Alexander DeLuca, M.D.
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References and Resources:
The Naltrexone (Revia/Trexan) Collection
Resources compiled by Alexander DeLuca: 1998
-2006.  This page created: 2004-10-17. Most recent addition(s): 2006-04-29 - New!

    Search ONLY

A Combined Behavioral Intervention for Treating Alcohol Dependence [for the COMBINE Study]
Miller, Moyers, and Arciniega; from: Miller (Ed): Combined Behavioral Intervention Therapist Manual (COMBINE); 2005.
Comment (DeLuca):
CBI is a modular, manual-guided, semi-structured therapy integrating evidence based behavioral methods developed as the state of the art psychotherapy to be tested in the COMBINE Study. Structured around Motivational Interviewing, CBI includes assessment, feedback, and highly individualized treatment plan development that is flexible regarding treatment goal.

This Poster Presentation is a sneak preview of the CBI Therapist Manual
(in press). CBI is probably the most thoughtfully designed, research based substance abuse therapy ever created. Clinicians, especially, will want to study this.

See also:
A Group Motivational Treatment for Chemical Dependency
Foote, DeLuca, Magura, Warner, Grand, Rosenblum and Stahl; J. Substance Abuse Treatment; 17(3); 1999
Naltrexone for the Treatment of Alcoholism - a Meta Analysis of Randomized, Controlled Trials - Srisurapanont, 2005

New! - Design and Analysis of Trials of Combination Therapies [in the COMBINE Study]
Hoskings et. al; J Stud. Alcohol; 2005
Choosing Pharmacotherapies for the COMBINE Study - Process and Procedures
Swift and Pettinati; J Stud. Alcohol; 2005

When Worlds Collide: [The COMBINE Study] Blending Pharmacotherapy and Psychotherapy Research
W.R. Miller, et al.; J Stud. Alcohol; 2005
Comment (DeLuca):
The COMBINE trial is designed to study the efficacy (alone and combined) of naltrexone and acamprosate with 'medical management' and a psychotherapy treatment known as the Combined Behavioral Intervention. The Study is in progress. I will post more interim articles soon.
Related resources: 
Disulfiram collection  ;  Acamprosate collection  ;  Naltrexone collection
Abstinence and Harm Reduction for Alcohol - Academic Literature archives
See also:
Comparing and Combining Naltrexone and Acamprosate - A Double-blind, Placebo-Controlled Study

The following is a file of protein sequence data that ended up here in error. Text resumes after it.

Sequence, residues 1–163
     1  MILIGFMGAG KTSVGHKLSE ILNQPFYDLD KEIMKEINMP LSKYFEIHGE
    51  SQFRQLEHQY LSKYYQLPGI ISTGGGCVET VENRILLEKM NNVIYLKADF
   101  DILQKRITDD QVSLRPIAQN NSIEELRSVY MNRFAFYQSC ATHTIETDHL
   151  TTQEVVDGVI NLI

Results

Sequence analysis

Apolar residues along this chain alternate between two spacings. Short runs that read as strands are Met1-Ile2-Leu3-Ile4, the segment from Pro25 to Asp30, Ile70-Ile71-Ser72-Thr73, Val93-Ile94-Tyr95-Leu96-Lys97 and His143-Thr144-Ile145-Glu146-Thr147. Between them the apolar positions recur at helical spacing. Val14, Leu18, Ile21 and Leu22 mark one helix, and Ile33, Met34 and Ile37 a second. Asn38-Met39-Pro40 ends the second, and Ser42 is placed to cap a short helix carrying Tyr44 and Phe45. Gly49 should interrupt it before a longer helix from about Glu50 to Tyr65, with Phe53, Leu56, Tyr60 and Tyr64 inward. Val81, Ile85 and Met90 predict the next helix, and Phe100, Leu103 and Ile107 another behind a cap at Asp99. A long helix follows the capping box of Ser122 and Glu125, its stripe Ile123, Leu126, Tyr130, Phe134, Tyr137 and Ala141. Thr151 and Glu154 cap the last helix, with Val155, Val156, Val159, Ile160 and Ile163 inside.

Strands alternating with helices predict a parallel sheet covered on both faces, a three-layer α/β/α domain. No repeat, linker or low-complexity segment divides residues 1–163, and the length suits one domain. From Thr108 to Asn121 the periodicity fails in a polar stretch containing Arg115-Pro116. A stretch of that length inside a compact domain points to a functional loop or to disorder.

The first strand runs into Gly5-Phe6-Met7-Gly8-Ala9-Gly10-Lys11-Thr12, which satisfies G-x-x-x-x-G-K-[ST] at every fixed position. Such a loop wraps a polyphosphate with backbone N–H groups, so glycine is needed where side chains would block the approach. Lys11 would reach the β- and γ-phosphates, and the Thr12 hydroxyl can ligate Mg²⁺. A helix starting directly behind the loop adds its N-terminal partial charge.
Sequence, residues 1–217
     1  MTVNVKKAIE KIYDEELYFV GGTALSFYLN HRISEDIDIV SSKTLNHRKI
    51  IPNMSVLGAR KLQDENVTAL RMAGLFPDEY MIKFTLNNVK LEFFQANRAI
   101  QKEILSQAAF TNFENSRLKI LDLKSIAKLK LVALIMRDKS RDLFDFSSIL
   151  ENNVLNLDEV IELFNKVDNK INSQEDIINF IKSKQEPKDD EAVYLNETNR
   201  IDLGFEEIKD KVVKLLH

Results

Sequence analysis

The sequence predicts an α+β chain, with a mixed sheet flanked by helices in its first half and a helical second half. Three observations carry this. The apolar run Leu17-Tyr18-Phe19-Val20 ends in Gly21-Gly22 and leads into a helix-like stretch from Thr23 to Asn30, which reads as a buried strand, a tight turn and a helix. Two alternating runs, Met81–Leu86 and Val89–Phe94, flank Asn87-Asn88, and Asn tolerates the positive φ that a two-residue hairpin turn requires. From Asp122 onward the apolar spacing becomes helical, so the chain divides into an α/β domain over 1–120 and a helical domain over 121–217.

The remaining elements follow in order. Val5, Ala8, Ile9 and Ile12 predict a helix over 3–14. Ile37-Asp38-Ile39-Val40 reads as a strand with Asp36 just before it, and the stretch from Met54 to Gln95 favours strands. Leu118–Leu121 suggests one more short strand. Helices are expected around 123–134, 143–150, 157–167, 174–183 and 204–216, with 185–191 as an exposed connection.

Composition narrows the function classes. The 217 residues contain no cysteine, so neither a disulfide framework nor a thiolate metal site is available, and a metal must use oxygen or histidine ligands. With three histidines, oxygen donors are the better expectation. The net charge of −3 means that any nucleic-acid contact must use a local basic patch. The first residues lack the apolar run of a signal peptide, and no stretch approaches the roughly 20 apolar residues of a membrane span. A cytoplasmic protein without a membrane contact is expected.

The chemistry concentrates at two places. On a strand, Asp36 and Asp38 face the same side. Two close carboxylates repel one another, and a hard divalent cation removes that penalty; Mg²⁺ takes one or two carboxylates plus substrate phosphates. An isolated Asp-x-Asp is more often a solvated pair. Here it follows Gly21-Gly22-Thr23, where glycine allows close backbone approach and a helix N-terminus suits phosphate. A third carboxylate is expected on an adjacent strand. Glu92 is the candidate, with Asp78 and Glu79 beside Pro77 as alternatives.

Falk Kiefer, et. al.; Archives of General Psychiatry; 60(1); 2003
Efficacy and Safety of Naltrexone and Acamprosate in the Treatment Of Alcohol Dependence: A Systematic Review
Bouza  Carmen, et al.; Addiction; 99(7):811-828; 2004
A 1-Year Pragmatic Trial of Naltrexone vs. Disulfiram in the Tx of Alcohol Dependence - deSouza and deSouza; Alcohol and Alcoholism; 2004.
Harm Reduction: Meeting Clients Where They Are - Kate Jackson, Social Work Today, 4(6), 2004.

 Long-Acting Injectable Naltrexone [Vivitrol] for Alcohol Dependence - A Randomized Controlled Trial - Garbutt et al; JAMA; 293; 2005-04-06
"Compared with placebo, 380 mg of [Vivitrol] resulted in a 25% decrease in heavy drinking days... [Men] and those with lead-in abstinence [exhibited] greater treatment effects... Conclusion:
[Vivitrol] resulted in reductions in heavy drinking among treatment-seeking alcohol-dependent patients during 6 months of therapy."
See also:

[Vivitrol] Wins Initial FDA Approval -
Join Together; 2006

2Updated! (2005-12-30)
Does Naltrexone Cause Permanent Liver Disease? (No) - Can Naltrexone be Used in the Presence of Liver Disease (Carefully)
[References with Abstract from Medline Search for 'naltrexone' and 'hepatotoxicity'] -
Alex DeLuca, M.D.; 2001-06-16; Updated: 2005-12-30
"A review of the literature indicates that even when given at much higher doses than are needed for treating heroin or alcohol abusers, there is no evidence that naltrexone causes clinically significant liver disease or exacerbates, even at high doses, serious pre-existing liver disease." [Brewer et al.; Addiction .Biology; 2004]

Naltrexone for the treatment of alcoholism: a meta-analysis of Randomized Controlled Trials - Manit Srisurapanont and Ngamwong Jarusuraisin; Int. J Neuropsychopharmacology; 8; 1-14; 2005

See also news item about the about above article:
Medication [naltrexone] Helps Alcoholics Control Drinking Medical News Today item; 2/18/2005